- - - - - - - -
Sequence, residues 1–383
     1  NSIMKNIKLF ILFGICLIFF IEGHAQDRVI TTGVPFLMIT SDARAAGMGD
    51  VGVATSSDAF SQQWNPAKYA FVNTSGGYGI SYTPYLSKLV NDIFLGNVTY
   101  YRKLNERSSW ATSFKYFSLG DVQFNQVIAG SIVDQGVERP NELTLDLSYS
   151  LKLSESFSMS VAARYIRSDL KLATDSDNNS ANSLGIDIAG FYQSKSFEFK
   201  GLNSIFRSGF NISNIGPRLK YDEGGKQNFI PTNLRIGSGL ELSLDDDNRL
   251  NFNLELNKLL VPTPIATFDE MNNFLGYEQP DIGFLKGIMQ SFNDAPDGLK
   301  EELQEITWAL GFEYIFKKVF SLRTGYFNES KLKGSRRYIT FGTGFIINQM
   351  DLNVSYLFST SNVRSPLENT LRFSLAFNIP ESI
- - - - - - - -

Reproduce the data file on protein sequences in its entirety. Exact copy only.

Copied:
Sequence, residues 1–383
     1  NSIMKNIKLF ILFGICLIFF IEGHAQDRVI TTGVPFLMIT SDARAAGMGD
    51  VGVATSSDAF SQQWNPAKYA FVNTSGGYGI SYTPYLSKLV NDIFLGNVTY
   101  YRKLNERSSW ATSFKYFSLG DVQFNQVIAG SIVDQGVERP NELTLDLSYS
   151  LKLSESFSMS VAARYIRSDL KLATDSDNNS ANSLGIDIAG FYQSKSFEFK
   201  GLNSIFRSGF NISNIGPRLK YDEGGKQNFI PTNLRIGSGL ELSLDDDNRL
   251  NFNLELNKLL VPTPIATFDE MNNFLGYEQP DIGFLKGIMQ SFNDAPDGLK
   301  EELQEITWAL GFEYIFKKVF SLRTGYFNES KLKGSRRYIT FGTGFIINQM
   351  DLNVSYLFST SNVRSPLENT LRFSLAFNIP ESI